Most things about Shopify are great. However, there are a few potential drawbacks to be aware of. First and foremost, there are only 11 free themes to choose from. You can customize them but you don’t get unlimited design control.

And you may have to purchase a theme to create the look you want. That paired with the cost of premium plugins you may need can raise the price of getting started.

Check out our guide on how Shopify works if you want to learn more about it.

BigCommerce – Best for Enterprise-Level Businesses

BigCommerce company logo

We recommend BigCommerce for enterprise-level businesses with a large inventory of products. It keeps management simple regardless of how many SKUs, variants, warehouses, locations, and channels you have.

On the front end, your customers have no problems finding exactly what they need. Where other ecommerce platforms struggle at scale, BigCommerce excels. It truly is built to simplify ecommerce management processes for larger stores.

Compared to other platforms, BigCommerce excels at:

  • Complex inventory management: BigCommerce allows up to 600 variants tied to a single SKU. Not everyone needs this level of variety, but products that offer a wide range of colors, finishes, sizes, and so on are easy for customers to shop.
  • Channel management: You can easily keep track of customers and earnings, as well as adjust the settings of any channels you use. Facebook, Instagram, Walmart, Amazon, eBay, Wish, MercadoLibre, and TikTok channels are supported by the platform–others are available via third parties in the BigCommerce App Store.
  • B2B and wholesale capabilities: BigCommerce makes it easy for larger operations to streamline both B2B and wholesale purchasing experiences. You can create custom price lists down to each individual SKU for every wholesale client and quickly assign lists to groups or specific accounts. There are also quote generation features and simple re-ordering options for B2B clients.
  • International sales: BigCommerce offers everything you could possibly need to scale your ecommerce operation across international borders. It works really well for multi-site management, where you have different options for stores in different regions. You can accept payments in over 100 currencies and benefit from localized product catalogs and pricing options.

The users we spoke with were especially happy that BigCommerce let them carry a ton of products and display them well for customers.

On the back end, they could make listings as detailed as they wanted, and on the front end, they could offer customers more control to find exactly what they were searching for.

In some of the other platforms, like Shopify, you can only offer a few drop-down menus (do you want small, medium, or large), whereas drop-downs are just one of many options BigCommerce users can employ to increase their customers’ options–you can set up radio buttons, text fields, a selection of swatches, checkbox options, and more.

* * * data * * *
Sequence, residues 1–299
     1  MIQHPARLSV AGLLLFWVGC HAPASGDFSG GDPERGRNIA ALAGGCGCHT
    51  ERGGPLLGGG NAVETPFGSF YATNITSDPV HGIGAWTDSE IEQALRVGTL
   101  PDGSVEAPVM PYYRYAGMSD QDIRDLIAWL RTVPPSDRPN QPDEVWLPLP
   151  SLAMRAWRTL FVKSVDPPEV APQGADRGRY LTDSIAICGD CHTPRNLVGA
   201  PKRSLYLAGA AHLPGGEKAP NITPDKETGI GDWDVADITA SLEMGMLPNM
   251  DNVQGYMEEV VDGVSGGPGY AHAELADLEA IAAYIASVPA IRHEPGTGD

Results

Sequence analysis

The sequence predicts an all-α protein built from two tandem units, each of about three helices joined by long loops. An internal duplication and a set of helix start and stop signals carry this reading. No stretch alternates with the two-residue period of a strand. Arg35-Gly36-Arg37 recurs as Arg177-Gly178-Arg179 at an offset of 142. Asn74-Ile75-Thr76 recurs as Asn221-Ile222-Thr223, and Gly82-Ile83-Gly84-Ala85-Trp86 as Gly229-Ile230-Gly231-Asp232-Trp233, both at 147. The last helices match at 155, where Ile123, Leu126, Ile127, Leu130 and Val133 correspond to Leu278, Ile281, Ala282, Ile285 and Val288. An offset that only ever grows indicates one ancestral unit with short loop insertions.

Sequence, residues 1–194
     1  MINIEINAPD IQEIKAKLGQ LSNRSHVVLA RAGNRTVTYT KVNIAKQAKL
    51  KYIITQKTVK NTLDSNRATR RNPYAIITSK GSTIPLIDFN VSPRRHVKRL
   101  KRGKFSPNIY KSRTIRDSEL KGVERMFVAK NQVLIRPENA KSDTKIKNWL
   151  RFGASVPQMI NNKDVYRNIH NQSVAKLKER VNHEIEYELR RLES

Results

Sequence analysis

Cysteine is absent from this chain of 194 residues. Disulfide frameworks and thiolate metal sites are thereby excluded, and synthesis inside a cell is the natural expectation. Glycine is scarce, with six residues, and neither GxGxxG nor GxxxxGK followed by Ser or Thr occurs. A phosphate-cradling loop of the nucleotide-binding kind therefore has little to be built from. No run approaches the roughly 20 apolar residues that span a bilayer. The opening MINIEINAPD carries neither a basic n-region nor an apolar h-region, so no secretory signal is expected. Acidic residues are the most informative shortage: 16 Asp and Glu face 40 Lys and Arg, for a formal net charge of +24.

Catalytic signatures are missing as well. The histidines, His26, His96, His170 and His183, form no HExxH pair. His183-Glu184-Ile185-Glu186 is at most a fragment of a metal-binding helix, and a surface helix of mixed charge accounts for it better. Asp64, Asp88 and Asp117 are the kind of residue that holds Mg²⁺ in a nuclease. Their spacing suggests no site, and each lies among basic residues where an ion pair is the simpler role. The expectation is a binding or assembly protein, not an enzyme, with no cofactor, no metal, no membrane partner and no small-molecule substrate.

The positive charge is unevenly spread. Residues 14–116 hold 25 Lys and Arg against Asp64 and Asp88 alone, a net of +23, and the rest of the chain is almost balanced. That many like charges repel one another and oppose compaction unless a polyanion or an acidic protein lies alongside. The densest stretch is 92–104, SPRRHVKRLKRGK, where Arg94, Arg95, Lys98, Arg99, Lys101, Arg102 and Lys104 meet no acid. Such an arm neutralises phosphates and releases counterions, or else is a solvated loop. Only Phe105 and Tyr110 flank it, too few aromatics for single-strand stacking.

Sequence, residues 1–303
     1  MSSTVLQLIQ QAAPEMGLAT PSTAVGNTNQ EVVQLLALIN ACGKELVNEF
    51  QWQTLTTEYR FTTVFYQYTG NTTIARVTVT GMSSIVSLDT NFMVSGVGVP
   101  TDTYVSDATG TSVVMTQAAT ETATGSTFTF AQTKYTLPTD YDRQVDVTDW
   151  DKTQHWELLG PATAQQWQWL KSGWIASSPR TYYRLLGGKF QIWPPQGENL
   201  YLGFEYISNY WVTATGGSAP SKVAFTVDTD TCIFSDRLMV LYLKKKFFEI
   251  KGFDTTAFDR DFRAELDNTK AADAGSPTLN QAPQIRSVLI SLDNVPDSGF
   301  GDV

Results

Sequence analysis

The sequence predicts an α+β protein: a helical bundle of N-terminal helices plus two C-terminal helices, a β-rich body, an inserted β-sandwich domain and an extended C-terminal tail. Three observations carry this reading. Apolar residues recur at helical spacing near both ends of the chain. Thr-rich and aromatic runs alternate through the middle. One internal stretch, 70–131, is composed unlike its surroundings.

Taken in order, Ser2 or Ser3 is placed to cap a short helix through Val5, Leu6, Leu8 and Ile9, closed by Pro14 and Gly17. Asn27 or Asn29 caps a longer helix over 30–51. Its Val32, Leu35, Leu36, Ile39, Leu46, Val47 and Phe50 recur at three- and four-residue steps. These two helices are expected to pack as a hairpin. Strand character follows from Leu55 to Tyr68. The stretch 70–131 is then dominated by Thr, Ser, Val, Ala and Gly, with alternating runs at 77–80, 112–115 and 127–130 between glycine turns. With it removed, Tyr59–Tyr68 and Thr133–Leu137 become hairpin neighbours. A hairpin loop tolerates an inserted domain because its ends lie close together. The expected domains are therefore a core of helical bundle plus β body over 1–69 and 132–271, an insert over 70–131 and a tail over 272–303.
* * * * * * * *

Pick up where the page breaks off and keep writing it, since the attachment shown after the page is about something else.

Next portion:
Users were also happy with how much of this functionality was built right into the platform. “We created discount codes, volume pricing, bulk pricing, and all of that directly in BigCommerce,” one user told us. 

Customer ratings and reviews are also part of the BigCommerce platform, and there are more than 70 types of built-in discounts and coupons. Shopify users have to install multiple third-party apps to support customer reviews or run a similar diversity of promotions.

There’s also no need to use a plugin to get really targeted with promotions. “For example, if we were selling to the public, but also wanted to target school teachers, we were able to create specific accounts for school teachers that would give them special access to a certain catalog and have unique pricing for them,” another user noted.

Contrast this with using a lighter platform where you’ll wind up having to find workarounds or using third-party apps to get things just right.

Plugins are ok, but can often throw a wrench in your reporting. Out of the box, BigCommerce is just better set up to handle larger, more complex inventories.

However, BigCommerce is great for growing bigger–not fancier. You’re definitely able to scale up, but that doesn’t mean adding additional features. On top of that, it’s not nearly as customizable look-wise as other platforms we’ve looked it.

There are quality ecommerce themes, but you may have to hire a developer to escape the templated, box-store feel.

BigCommerce pricing starts at $29.99 per month if you make less than $50k in sales per year. If you’ve already surpassed that, you’ll have to start at (or upgrade to) a higher tier.

Wix – Best for Stores with Fewer Than 50 Products